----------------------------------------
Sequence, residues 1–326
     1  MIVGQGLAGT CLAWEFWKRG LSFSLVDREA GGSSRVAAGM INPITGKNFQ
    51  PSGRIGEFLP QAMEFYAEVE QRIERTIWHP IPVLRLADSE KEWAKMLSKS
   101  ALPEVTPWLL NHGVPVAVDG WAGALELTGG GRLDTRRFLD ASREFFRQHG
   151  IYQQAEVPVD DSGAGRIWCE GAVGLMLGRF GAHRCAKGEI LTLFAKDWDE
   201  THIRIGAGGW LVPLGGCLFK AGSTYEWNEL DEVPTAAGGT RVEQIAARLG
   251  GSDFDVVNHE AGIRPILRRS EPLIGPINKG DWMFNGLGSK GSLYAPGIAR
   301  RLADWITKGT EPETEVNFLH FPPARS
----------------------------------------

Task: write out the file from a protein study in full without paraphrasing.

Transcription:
Sequence, residues 1–326
     1  MIVGQGLAGT CLAWEFWKRG LSFSLVDREA GGSSRVAAGM INPITGKNFQ
    51  PSGRIGEFLP QAMEFYAEVE QRIERTIWHP IPVLRLADSE KEWAKMLSKS
   101  ALPEVTPWLL NHGVPVAVDG WAGALELTGG GRLDTRRFLD ASREFFRQHG
   151  IYQQAEVPVD DSGAGRIWCE GAVGLMLGRF GAHRCAKGEI LTLFAKDWDE
   201  THIRIGAGGW LVPLGGCLFK AGSTYEWNEL DEVPTAAGGT RVEQIAARLG
   251  GSDFDVVNHE AGIRPILRRS EPLIGPINKG DWMFNGLGSK GSLYAPGIAR
   301  RLADWITKGT EPETEVNFLH FPPARS